The Reality of Cannabis-Impaired Drivers in Canada

It's usually alcohol we think of when the topic of impaired driving comes up, but with the legalization of cannabis, drug-impaired driving is a focus now too. It's a discussion, however, that likely should have started years ago as driving while high, according to a variety of studies, is all too common and has been for some time.

The fact is, with the drug's new-found legalization, the issue of drug-impaired driving is finally getting the attention it deserves. According to the Canadian Centre on Substance Use and Addiction, the percentage of Canadian drivers killed in collisions who test positive for drugs now exceeds that of drivers testing positive for alcohol. Sadly, this comes as no surprise given the results of several recent studies.

Statistics Canada: 14 percent of cannabis users have driven high

According to Statistics Canada's most current quarterly National Cannabis Survey, 14 per cent of cannabis users with a driver's licence admitted they got behind the wheel of a vehicle within two hours of consuming the drug.

Insurance Bureau of Canada: 13 percent of Canadians have driven under the influence of cannabis

Similar results were found in a recent survey undertaken by Leger on behalf of the Insurance Bureau of Canada (IBC) and released at the beginning of October. The survey found that 13 per cent of Canadians have driven under the influence of cannabis.

CAA: 1.9 million Ontario drivers have gotten behind the wheel while drug-impaired

An Ipsos study, commissioned by CAA and also published in early October, found that 1.9 million Ontario drivers have driven under the influence of cannabis; while 735,000 have done so in the last three months.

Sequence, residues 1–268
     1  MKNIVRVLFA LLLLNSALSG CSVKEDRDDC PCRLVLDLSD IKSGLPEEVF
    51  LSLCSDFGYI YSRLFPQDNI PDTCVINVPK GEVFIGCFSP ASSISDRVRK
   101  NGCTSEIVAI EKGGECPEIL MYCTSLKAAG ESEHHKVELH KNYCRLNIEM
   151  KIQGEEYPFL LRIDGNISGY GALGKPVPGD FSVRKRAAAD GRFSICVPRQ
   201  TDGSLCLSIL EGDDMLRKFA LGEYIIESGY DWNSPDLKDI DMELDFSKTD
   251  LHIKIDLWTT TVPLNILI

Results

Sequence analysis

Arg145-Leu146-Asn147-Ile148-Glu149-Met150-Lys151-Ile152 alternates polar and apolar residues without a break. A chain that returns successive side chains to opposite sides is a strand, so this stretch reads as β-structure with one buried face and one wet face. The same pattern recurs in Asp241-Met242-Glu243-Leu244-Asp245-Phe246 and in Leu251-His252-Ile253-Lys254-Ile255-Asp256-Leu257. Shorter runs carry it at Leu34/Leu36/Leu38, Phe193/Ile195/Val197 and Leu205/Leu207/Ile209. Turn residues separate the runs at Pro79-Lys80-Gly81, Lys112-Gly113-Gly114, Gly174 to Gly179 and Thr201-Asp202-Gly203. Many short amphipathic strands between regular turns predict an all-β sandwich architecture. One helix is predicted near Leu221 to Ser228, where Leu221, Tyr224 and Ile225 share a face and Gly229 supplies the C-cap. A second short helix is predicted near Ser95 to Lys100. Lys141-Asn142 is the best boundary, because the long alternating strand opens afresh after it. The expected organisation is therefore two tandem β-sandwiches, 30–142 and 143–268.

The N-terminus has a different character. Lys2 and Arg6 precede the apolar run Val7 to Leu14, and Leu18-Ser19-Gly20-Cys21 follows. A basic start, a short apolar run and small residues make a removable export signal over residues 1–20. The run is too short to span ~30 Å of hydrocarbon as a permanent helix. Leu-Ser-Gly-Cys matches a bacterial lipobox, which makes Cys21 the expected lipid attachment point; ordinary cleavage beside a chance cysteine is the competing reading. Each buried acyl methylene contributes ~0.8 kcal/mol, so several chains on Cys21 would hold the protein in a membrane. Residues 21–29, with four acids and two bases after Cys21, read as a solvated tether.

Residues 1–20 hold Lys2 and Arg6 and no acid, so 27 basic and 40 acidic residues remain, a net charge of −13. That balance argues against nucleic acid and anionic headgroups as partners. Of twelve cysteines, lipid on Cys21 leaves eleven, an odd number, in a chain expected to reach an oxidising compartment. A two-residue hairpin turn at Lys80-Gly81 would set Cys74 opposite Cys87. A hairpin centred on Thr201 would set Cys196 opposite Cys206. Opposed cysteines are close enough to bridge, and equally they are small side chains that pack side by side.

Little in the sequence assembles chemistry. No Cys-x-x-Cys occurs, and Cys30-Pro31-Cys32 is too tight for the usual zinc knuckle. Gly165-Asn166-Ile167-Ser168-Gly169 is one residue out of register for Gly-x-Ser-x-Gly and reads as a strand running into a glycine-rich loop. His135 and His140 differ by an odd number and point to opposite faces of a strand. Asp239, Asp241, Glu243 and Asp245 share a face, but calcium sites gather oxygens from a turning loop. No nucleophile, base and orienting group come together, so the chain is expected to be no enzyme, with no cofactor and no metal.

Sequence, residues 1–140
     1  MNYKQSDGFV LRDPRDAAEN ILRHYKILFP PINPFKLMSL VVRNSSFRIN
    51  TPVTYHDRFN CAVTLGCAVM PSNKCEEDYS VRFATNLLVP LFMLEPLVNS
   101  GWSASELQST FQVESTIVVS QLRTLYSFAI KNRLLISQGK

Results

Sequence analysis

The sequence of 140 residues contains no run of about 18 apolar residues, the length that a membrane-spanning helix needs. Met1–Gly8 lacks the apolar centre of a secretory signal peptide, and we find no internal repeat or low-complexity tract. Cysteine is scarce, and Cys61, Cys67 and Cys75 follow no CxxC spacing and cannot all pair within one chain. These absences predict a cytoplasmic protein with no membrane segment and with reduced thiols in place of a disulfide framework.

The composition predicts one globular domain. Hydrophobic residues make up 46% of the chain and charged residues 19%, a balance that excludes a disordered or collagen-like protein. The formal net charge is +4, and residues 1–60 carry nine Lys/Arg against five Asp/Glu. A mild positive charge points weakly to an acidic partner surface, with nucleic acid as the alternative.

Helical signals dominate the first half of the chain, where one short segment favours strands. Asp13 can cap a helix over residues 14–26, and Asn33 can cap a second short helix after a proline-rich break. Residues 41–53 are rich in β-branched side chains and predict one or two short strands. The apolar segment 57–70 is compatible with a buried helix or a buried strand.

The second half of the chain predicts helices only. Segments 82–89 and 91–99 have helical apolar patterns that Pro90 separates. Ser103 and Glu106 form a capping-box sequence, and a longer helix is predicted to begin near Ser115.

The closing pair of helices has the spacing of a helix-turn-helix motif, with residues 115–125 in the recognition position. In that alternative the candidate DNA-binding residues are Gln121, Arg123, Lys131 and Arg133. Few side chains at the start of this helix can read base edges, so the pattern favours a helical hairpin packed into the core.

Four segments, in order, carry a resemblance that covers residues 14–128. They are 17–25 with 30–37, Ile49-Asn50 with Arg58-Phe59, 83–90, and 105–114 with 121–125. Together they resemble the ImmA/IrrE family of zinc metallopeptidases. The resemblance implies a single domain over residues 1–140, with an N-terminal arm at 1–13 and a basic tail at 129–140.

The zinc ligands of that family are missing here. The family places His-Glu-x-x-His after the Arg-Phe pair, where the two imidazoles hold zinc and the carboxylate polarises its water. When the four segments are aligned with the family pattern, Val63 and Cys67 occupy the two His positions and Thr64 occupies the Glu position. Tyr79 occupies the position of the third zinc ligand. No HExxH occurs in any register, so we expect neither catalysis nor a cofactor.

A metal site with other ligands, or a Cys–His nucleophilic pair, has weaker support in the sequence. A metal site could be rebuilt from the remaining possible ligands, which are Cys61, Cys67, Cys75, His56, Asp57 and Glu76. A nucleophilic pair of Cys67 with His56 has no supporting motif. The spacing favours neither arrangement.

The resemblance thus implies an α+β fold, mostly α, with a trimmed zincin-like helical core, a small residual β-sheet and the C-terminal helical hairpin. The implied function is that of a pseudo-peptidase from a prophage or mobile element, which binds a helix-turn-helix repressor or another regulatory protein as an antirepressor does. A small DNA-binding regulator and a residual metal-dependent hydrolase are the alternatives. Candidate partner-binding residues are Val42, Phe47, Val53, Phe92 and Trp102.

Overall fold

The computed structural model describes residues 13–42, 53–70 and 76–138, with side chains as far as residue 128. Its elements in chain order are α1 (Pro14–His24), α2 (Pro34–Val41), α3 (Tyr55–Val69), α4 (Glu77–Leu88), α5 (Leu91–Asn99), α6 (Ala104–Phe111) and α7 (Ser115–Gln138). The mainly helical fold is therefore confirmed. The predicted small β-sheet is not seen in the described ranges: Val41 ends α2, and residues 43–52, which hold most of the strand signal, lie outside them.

Tackling the problem of drug-impaired driving in Canada

In general, impaired driving in Canada has decreased annually for each of the last six years. Last year, for example, there were four per cent fewer police-reported instances of impaired driving (69,000). However, this decrease is a result of fewer drunk driving violations, which account for 95 per cent of all impaired driving reports.

Instances of drug-impaired driving conversely, are increasing. Last year, there were 3,489 drug-impaired driving incidents, a 10 per cent increase from the year before. And although the numbers are small in comparison to alcohol-related impaired driving, it's likely there will be a spike in the numbers in the years ahead for a couple of reasons:

  • There are more police officers trained to spot drug-impaired drivers than ever before, with more on the way. Currently, there are 13,000 officers who can conduct the Standard Field Sobriety Test and 833 officers who are certified as a Drug Recognition Expert.
  • The federal government has approved a roadside drug screening device, similar to a breathalyzer, that can detect the presence of THC in a person's saliva.

These two initiatives, the increase in police offers trained to spot drug-impaired driving and the approval of a roadside testing device, have come about in the last year due to the legalization of cannabis in Canada.

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The reality of driving high

For drivers who take to the road after smoking up, the reality is that there's a higher likelihood of getting caught than ever before. And because impaired is impaired, no matter what the means, the penalties are significant too: licence suspension, fines, vehicle impoundment, criminal charges and jail time are all possible if you choose to drive while high.

An impaired conviction, whether due to alcohol, cannabis or a combination of the two, will also follow you for years when it comes to your auto insurance with premiums that are significantly more expensive.

Leave the car parked: don't drive impaired

Everyone knows not to drink and drive and the same logic applies to cannabis use. Whether you designate a driver, call someone to pick you up, stay the night, take public transit, or call a taxi/ridesharing service, there are no excuses for getting behind the wheel while impaired.

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